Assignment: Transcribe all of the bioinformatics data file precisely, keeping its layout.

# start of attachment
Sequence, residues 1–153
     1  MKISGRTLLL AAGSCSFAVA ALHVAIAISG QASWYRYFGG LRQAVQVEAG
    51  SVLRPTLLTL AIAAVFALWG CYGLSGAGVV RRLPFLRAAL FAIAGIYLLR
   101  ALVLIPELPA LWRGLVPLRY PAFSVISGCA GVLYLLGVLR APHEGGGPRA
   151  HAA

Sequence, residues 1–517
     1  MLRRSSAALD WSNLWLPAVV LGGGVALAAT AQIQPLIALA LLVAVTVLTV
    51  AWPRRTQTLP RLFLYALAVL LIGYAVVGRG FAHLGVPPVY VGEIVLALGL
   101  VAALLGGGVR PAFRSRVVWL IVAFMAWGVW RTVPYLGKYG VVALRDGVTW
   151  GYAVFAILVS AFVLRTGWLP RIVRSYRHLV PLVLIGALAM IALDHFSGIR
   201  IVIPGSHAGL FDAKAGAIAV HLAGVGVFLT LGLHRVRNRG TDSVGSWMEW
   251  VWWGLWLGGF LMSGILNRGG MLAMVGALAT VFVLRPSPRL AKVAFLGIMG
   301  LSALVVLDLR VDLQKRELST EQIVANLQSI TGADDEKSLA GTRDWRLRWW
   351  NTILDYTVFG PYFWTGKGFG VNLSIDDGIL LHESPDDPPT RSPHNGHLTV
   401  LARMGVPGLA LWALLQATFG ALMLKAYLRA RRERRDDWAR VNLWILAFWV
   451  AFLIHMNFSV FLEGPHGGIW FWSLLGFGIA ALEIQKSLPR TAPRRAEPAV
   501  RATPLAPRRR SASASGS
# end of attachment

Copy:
Sequence, residues 1–153
     1  MKISGRTLLL AAGSCSFAVA ALHVAIAISG QASWYRYFGG LRQAVQVEAG
    51  SVLRPTLLTL AIAAVFALWG CYGLSGAGVV RRLPFLRAAL FAIAGIYLLR
   101  ALVLIPELPA LWRGLVPLRY PAFSVISGCA GVLYLLGVLR APHEGGGPRA
   151  HAA

Sequence, residues 1–517
     1  MLRRSSAALD WSNLWLPAVV LGGGVALAAT AQIQPLIALA LLVAVTVLTV
    51  AWPRRTQTLP RLFLYALAVL LIGYAVVGRG FAHLGVPPVY VGEIVLALGL
   101  VAALLGGGVR PAFRSRVVWL IVAFMAWGVW RTVPYLGKYG VVALRDGVTW
   151  GYAVFAILVS AFVLRTGWLP RIVRSYRHLV PLVLIGALAM IALDHFSGIR
   201  IVIPGSHAGL FDAKAGAIAV HLAGVGVFLT LGLHRVRNRG TDSVGSWMEW
   251  VWWGLWLGGF LMSGILNRGG MLAMVGALAT VFVLRPSPRL AKVAFLGIMG
   301  LSALVVLDLR VDLQKRELST EQIVANLQSI TGADDEKSLA GTRDWRLRWW
   351  NTILDYTVFG PYFWTGKGFG VNLSIDDGIL LHESPDDPPT RSPHNGHLTV
   401  LARMGVPGLA LWALLQATFG ALMLKAYLRA RRERRDDWAR VNLWILAFWV
   451  AFLIHMNFSV FLEGPHGGIW FWSLLGFGIA ALEIQKSLPR TAPRRAEPAV
   501  RATPLAPRRR SASASGS